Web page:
Where do Ash Wednesday ashes come from?
Washington D.C., Feb 27, 2022 / 03:03 am
“Remember you are dust and to dust you shall return.”
Or, “Repent and believe in the Gospel.”
On Ash Wednesday, millions of Catholics throughout the English-speaking world will hear one of these two blessings as a priest applies ashes to their forehead in the sign of the cross.
But where exactly do the black or grey powdery ashes come from?
Per the instructions of the Roman Missal, ashes are typically supposed to be made from last year’s Palm Sunday palm branches.
These branches are then burned down into a fine powder and, in the United States, are mixed with holy water or chrism oil to create a light paste. In other parts of the world, sometimes dry ashes are sprinkled on the head rather than made into a paste.
BYOA – Burn Your Own Ashes
Fr. Dan Folwaczny is a priest with the Archdiocese of Chicago and serves as pastor at Our Lady of the Blessed Sacrament parish.
He told CNA that the parish burns their own palms from previous Palm Sundays.
“We have an order of palms that comes in, and some of them are handed out on Palm Sunday but some are leftover, and those we usually store away in the garage until the following year,” he told CNA.
“And then also we have some that people bring back, so people have had them in their houses in the lead-up to Lent, and we’ll tell people to bring them in to the church,” he said.
Then on the day before Ash Wednesday, all of the old palms are placed in a fire pit on the church steps.
“And then the school kids come out and we have a little prayer service and light it on fire,” Folwaczny said.
While some priests order palms from religious goods suppliers, Folwaczny said he has always had plenty of palms and ashes to spare.
“We actually still have plenty in reserve from previous years,” he said. “We could actually not [burn additional palms] for a couple of years and still be fine.”
A similar procedure for the burning of ashes is followed in many parishes and dioceses.
Fr. Harrison Ayre, with the Diocese of Victoria, British Columbia, told CNA on Twitter that he burns his own ashes for Ash Wednesday in a metal garbage bin “and they reduce to ashes quite nicely.”
While many parishes use Ash Wednesday as an opportunity to use up last year’s palms, the Church also allows for the buying of ashes from religious goods suppliers.
Fr. Joseph Faulkner, a priest of the Diocese of Lincoln, Neb., told CNA on Twitter that he buys his ashes from religious goods suppliers to avoid sub-par or “stabby” ashes.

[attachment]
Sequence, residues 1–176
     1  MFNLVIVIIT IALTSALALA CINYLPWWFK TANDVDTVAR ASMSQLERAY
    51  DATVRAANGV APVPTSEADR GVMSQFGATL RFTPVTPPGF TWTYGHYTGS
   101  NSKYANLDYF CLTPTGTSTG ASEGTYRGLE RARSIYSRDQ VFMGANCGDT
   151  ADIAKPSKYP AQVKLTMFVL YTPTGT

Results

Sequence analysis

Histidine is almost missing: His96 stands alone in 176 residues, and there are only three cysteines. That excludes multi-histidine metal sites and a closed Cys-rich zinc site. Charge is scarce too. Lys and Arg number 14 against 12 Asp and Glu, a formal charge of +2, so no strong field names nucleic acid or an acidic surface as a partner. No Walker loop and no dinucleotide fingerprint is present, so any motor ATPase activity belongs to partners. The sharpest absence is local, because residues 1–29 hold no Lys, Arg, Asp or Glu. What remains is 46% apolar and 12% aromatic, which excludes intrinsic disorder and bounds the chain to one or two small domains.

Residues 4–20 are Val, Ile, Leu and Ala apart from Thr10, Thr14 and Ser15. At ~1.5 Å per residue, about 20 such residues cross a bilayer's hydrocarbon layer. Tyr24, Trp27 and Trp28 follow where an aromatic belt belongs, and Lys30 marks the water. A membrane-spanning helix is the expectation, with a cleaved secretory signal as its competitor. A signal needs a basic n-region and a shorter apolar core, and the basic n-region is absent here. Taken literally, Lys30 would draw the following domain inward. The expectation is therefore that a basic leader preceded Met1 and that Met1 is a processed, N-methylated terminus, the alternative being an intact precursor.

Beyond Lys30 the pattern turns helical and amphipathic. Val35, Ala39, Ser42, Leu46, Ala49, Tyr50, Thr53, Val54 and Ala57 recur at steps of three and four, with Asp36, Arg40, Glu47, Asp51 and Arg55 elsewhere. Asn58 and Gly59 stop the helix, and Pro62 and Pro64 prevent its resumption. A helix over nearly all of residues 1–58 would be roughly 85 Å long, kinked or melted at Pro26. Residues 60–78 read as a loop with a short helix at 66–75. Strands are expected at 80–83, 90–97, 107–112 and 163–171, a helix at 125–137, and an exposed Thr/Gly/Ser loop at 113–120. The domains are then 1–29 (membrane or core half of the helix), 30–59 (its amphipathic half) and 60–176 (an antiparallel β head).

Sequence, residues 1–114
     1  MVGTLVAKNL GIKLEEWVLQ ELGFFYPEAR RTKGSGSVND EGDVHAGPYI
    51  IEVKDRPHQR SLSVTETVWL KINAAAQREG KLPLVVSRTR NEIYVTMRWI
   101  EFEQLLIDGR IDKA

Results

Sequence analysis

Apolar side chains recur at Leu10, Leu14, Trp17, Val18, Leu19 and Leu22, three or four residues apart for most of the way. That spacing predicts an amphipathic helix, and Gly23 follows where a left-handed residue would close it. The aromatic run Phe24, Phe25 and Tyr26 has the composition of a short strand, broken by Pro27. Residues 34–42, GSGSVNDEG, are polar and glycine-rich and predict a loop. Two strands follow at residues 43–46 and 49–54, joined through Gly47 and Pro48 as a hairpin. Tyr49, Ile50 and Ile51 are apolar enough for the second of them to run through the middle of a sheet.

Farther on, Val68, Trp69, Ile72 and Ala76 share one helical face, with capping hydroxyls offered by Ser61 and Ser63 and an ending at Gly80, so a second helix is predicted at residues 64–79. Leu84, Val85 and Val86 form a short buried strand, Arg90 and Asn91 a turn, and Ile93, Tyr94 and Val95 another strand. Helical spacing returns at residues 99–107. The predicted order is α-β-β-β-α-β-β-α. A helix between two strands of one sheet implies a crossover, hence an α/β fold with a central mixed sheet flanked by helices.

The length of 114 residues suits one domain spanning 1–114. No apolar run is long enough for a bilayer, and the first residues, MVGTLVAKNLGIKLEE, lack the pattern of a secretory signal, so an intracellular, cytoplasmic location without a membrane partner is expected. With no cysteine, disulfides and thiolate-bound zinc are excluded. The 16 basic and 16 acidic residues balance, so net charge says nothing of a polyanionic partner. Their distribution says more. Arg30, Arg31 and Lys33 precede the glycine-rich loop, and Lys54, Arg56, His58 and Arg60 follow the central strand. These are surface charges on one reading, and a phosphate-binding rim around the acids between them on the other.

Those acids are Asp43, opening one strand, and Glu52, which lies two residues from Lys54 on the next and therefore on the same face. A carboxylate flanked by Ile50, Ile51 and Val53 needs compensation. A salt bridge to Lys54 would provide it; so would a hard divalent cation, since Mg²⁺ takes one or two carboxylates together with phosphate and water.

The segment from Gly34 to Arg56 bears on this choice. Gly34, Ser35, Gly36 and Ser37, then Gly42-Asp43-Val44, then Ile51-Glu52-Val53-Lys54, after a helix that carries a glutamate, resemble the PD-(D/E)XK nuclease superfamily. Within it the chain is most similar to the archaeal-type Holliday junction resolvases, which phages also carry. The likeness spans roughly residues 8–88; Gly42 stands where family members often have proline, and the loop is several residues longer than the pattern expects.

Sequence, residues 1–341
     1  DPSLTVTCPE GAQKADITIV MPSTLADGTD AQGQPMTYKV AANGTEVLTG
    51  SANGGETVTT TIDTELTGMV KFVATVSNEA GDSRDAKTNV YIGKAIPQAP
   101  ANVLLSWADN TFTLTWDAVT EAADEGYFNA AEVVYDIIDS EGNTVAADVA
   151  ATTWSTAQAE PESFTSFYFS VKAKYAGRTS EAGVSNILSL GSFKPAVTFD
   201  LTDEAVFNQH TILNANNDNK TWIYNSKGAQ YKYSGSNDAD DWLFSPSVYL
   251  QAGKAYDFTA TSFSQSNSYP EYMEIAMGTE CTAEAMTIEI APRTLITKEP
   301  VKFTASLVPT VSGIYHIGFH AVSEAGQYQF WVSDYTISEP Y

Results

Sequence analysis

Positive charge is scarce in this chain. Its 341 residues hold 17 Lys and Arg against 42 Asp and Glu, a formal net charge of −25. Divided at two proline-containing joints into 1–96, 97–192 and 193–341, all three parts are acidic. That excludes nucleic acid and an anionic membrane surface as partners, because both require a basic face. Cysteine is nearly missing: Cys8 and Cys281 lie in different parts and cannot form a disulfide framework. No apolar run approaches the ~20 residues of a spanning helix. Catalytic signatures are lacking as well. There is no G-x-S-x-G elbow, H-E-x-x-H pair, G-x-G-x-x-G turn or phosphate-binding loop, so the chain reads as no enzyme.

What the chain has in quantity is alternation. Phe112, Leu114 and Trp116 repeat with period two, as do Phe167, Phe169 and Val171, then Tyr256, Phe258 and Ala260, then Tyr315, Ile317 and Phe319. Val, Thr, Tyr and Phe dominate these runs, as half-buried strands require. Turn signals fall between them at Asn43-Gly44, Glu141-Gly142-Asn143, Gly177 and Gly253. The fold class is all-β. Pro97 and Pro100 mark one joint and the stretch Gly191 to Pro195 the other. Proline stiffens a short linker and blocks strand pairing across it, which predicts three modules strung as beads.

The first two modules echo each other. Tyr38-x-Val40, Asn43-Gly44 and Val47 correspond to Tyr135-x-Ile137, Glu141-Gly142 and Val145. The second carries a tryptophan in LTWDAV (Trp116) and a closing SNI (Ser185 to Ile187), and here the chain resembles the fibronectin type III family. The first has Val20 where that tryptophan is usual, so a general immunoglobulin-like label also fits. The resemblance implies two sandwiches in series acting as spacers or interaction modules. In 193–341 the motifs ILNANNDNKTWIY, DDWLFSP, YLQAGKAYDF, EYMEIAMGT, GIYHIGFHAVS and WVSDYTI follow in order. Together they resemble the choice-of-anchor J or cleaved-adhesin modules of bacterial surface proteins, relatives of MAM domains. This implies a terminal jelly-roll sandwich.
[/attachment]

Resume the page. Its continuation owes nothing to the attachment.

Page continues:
For Catholic parishes in Colorado, one of the most-used such suppliers is Gerken’s Religious Supplies.
“There is quite an art to (burning ashes),” Mike Gerken, the co-owner, told the Denver Catholic in 2017.
“To get the good ash, you can’t just burn them. You have to let them smolder with no oxygen, and that’s where it gets the real charcoal black.”
Religious goods suppliers such as Gerken’s typically get their Palm Sunday palms, and sometimes the palm ashes as well, from palm suppliers in the warmer parts of the United States, such as California, Texas, Florida and other parts of the South.
Why Palm Sunday palms?
There is liturgical significance in the use of the palms from Palm Sunday, as opposed to other materials, to make the ashes for Ash Wednesday.
Father Randy Stice, associate director for the Secretariat of Divine Worship for the U.S. Bishops’ Conference, told CNA that the ashes made from palms remind us of what Lent is all about.
“Those branches herald Holy Week, the suffering death and resurrection of Christ,” Stice said. The feast of Palm Sunday occurs the beginning of Holy Week, which leads up to Easter. “Then that helps us identity with (Jesus) in Lent…it connects us with events in Christ’s own life,” he said.
Ashes have also long been a symbol of repentance and conversion, even in the Old Testament, Stice added.
“It’s an Old Testament and a New Testament symbol of repentance and conversion, sorrow for our sins, awareness of our frailty and mortality – [symbols] that have been taken up by the Church from the earliest stages.”
This article was originally published on CNA Feb. 14, 2018.